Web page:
Our intention is to acquire and make available ALL picture books featuring indigenous people and people of color published in the U.S. since 2002, including reprints. Inclusion of a title in the collection DOES NOT EQUAL recommendation. See our related readings page for suggested links for evaluating books.
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To the delight of her grandchildren, Grandma Panda relates Chinese legends, including the tales of Mulan the woman warrior and Luban the inventor of the kite
Dao, a red panda, guides Ethan and Emma, two American school children, back into time to discover how ramen was created in Japan and how the noodle soup became popular worldwide. Includes glossary
In 1572 Beijing, when a nine-year-old boy is named Emperor of China, Hu Wan offers the gift of a cricket cage carved from a gourd he and his grandfather grew.
When her husband goes missing, a new mother pleads with Tin Hau, the patron goddess of fisherman, for help
When Bamboo, a young Chinese farmer, finds himself beset by poverty and travels to the New World to find fortune, his sister-in-law, Jin, makes life difficult for his wife, Ming, until magic intervenes
When her father is lost at sea during a typhoon and her family no longer has enough to eat, Yenyee travels to Vancouver as a servant, across the ocean which she feels betrayed her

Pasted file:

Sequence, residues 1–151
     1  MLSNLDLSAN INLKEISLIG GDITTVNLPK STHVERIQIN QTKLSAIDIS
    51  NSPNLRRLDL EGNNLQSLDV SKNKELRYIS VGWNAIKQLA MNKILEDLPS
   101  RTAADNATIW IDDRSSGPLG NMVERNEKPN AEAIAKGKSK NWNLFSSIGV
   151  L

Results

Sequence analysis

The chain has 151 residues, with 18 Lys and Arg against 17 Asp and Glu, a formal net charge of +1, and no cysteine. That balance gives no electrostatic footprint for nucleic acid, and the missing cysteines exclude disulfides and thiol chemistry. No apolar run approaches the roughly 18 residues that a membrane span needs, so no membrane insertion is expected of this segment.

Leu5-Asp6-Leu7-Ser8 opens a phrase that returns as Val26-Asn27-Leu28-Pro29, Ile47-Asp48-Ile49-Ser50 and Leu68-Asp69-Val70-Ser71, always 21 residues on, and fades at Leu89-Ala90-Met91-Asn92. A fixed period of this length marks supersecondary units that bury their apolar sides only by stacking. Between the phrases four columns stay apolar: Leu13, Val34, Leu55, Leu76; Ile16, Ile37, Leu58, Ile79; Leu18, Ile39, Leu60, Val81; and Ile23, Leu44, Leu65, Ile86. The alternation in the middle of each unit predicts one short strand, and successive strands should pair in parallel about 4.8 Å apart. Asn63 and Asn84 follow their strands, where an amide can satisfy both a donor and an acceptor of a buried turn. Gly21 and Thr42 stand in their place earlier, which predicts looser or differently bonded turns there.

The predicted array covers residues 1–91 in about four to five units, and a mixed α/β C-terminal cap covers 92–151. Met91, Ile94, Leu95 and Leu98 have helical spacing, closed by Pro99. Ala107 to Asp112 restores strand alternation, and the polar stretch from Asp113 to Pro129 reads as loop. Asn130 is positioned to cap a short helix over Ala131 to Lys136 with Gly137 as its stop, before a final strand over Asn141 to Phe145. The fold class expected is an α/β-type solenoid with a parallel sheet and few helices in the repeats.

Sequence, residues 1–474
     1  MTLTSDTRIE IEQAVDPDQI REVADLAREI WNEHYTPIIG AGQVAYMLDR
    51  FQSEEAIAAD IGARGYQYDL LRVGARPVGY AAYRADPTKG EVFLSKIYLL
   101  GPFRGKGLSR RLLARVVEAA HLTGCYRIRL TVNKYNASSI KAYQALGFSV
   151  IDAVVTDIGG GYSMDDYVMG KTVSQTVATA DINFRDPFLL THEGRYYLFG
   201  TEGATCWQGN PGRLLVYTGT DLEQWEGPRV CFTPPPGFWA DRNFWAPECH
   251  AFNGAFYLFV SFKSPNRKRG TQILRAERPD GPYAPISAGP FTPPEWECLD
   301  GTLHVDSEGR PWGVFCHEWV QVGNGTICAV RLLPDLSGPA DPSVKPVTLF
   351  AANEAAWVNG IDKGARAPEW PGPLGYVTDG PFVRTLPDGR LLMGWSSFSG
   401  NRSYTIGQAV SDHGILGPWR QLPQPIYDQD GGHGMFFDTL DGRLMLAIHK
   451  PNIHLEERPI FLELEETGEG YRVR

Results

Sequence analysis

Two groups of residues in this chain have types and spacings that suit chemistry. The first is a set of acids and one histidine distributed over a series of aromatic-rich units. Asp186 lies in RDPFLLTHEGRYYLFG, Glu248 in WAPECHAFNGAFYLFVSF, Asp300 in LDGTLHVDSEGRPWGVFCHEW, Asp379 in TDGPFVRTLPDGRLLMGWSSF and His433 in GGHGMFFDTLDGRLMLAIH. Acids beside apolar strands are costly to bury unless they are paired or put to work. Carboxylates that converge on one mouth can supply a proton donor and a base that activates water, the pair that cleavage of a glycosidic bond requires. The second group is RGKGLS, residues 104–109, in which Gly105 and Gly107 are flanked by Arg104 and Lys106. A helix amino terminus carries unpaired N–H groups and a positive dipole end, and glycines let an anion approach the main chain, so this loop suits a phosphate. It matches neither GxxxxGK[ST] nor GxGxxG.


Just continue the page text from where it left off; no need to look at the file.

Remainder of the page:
"A biography of Chinese American film star Anna May Wong who, in spite of limited opportunities, achieved her dream of becoming an actress and worked to represent her race on screen in a truthful, positive manner"--Provided by publisher)
"In Ed Young's childhood home in Shanghai, all was not as it seemed: a rocking chair became a horse; a roof became a roller rink; an empty swimming pool became a place for riding scooters and bikes. The house his father built transformed as needed into a place to play hide-and-seek, to eat bamboo shoots, and to be safe. For outside the home's walls, China was at war. Soon the house held not only Ed and his four siblings but also friends, relatives, and even strangers who became family. The war grew closer, and Ed watched as planes flew overhead and friends joined the Chinese air force. But through it all, Ed's childhood remained full of joy and imagination"--Amazon.com
Little Maomao's father works in faraway places and comes home just once a year, for Chinese New Year. At first Maomao barely recognizes him, but before long the family is happily making sticky rice balls, listening to firecrackers, and watching the dragon dance in the streets below. Papa gets a haircut, makes repairs to the house, and hides a lucky coin for Maomao to find. Which she does! But all too soon it is time for Papa to go away again
Traditional Japanese verses depicting the natural world and the many tiny moments that make childhood special, such as blowing bubbles, escaping the rain, rolling an acorn, and flying a kite. Presented in Japanese script, Japanese romanized form, and English.